At last, everyone can see Jonathan Glazer’s eerie new short

Masked figures perform a ritual most sinister in the six-minute miniature.


Charles Bramesco


Jonathan Glazer has been rather quiet since he flattened moviegoers with his sci-fi masterpiece Under the Skin in 2013, but that changed earlier this year at the end of October, when he debuted his first new work in half a decade. The Fall, an exquisitely unsettling short film of nearly seven minutes, instantly yielded a strong reaction – from those who could see it, that is.

The short first came to the UK, sneaking up on some unsuspecting audiences at brick-and-mortar cinemas and available to everyone else in the region via the BBC’s iPlayer, where residents can still see it today. But Americans remained out in the cold, until A24 purchased the national exhibition rights to the short and tacked it onto in-theater showings of The Lighthouse earlier this month. (With their coarsely textured atmospheres of ambient dread, they make an apt double feature.)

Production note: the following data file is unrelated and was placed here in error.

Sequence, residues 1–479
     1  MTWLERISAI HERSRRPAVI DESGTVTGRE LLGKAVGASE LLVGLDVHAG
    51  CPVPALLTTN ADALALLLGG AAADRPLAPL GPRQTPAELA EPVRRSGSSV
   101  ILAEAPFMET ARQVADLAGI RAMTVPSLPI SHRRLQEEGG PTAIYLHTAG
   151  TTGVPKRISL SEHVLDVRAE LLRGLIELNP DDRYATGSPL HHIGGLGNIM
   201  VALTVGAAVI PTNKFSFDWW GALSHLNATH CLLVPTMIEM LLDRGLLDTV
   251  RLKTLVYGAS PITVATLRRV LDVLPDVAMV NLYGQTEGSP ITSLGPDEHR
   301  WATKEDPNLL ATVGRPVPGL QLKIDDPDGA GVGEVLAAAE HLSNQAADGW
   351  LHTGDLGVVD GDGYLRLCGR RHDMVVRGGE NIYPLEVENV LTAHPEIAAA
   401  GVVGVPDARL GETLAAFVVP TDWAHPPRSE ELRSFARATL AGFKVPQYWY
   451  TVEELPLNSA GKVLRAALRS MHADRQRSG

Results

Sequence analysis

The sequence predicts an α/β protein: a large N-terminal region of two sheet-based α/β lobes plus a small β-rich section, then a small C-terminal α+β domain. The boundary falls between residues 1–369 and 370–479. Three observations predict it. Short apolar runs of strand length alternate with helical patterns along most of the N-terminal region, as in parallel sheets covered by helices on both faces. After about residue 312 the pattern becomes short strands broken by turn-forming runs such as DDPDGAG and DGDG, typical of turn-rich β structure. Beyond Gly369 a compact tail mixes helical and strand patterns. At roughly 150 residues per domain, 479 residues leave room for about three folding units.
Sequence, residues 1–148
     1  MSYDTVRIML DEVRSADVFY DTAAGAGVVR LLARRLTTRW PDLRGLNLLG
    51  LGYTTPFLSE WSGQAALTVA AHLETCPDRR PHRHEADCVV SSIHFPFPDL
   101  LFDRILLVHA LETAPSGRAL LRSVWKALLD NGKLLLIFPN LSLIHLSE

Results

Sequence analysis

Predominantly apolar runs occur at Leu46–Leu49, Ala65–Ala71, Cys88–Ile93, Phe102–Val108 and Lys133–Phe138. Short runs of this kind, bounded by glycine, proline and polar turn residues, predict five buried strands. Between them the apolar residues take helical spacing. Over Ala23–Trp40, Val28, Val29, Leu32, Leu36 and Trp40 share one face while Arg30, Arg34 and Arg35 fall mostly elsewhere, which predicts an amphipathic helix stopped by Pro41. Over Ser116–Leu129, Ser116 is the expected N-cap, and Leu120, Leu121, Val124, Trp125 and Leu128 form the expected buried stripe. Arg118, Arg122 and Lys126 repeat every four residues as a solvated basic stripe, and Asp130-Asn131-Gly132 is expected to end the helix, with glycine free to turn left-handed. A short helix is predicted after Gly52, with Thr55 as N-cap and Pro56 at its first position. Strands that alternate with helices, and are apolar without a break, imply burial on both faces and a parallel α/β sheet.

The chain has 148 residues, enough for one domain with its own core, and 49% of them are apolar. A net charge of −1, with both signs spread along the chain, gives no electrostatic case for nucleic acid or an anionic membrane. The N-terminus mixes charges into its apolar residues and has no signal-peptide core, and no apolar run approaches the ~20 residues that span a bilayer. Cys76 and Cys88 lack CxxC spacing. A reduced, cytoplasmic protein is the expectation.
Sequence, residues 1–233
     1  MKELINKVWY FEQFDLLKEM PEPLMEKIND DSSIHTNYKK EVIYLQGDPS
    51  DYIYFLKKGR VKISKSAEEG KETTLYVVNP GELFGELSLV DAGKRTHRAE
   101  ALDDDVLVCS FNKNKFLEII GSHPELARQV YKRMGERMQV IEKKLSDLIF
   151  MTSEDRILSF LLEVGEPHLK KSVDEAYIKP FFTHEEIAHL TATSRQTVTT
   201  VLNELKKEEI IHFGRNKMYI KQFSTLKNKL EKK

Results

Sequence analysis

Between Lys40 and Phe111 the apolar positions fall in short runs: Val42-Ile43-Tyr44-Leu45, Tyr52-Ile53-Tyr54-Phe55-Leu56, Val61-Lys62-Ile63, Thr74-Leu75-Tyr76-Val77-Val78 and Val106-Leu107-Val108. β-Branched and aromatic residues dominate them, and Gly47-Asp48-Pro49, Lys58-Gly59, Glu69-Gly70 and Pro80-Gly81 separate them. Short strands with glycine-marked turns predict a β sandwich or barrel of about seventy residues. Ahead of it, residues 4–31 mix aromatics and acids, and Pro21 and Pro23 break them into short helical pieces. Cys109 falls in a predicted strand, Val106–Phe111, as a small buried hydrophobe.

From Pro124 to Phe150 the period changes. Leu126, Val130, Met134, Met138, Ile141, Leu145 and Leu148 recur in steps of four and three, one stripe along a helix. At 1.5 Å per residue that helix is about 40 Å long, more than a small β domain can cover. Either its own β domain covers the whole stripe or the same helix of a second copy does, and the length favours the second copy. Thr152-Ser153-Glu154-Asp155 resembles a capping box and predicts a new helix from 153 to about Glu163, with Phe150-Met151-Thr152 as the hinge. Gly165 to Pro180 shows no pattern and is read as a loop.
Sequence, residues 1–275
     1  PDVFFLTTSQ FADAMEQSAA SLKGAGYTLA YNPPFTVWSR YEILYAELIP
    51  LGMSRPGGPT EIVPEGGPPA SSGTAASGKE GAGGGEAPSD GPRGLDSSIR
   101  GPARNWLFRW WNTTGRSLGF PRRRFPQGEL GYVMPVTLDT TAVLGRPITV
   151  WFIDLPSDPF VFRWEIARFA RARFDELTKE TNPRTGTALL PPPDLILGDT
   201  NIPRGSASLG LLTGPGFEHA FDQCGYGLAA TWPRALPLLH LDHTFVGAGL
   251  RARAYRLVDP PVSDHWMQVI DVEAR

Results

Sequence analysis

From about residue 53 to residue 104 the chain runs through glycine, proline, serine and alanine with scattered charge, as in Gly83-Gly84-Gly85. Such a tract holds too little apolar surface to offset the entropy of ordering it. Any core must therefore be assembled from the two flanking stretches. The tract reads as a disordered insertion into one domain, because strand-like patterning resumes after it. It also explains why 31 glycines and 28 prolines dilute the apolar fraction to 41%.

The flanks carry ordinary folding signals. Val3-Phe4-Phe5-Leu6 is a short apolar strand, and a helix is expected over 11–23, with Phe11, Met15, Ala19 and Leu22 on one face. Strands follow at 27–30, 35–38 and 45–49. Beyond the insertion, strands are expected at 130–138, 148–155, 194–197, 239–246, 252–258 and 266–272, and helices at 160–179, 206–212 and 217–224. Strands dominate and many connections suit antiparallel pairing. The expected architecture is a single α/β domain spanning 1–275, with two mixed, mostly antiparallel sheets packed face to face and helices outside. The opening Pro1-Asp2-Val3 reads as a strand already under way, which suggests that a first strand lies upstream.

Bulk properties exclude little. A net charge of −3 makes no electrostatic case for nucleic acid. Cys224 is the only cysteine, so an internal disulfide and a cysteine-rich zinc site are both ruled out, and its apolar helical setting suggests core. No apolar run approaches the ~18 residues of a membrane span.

The good news is that now, even those unable or disinclined to trek out to the local multiplex can drink in the eerie menace of Glazer’s vision. A24 has made the short free to stream for all US residents with online access, and it’s a worthy follow-up to the strong precedent set by Under the Skin.

The short, a relatively simple concept taking wing in execution, depicts a violent ritual executed by masked figures. They shake their victim down from a tree, string him up for a hanging, and let him plunge into a well. Once there, however, he manages to survive and begin the difficult climb back to the light of day.

It’s a fascinating exercise, especially when considered as an addition to Glazer’s body of work, steeped as it is in societal alienation. And one needn’t dig all that deep to appreciate the formal rigor of the piece, as Glazer embeds squares within squares, perverting the limits of his frame.

All we can do now is wait for the Holocaust drama A24 said he’s shooting next year, and wonder how much hard formalism can fit into a film about historical human tragedy. What fun conversations this will spark!

Published 25 Nov 2019

Tags: Jonathan Glazer

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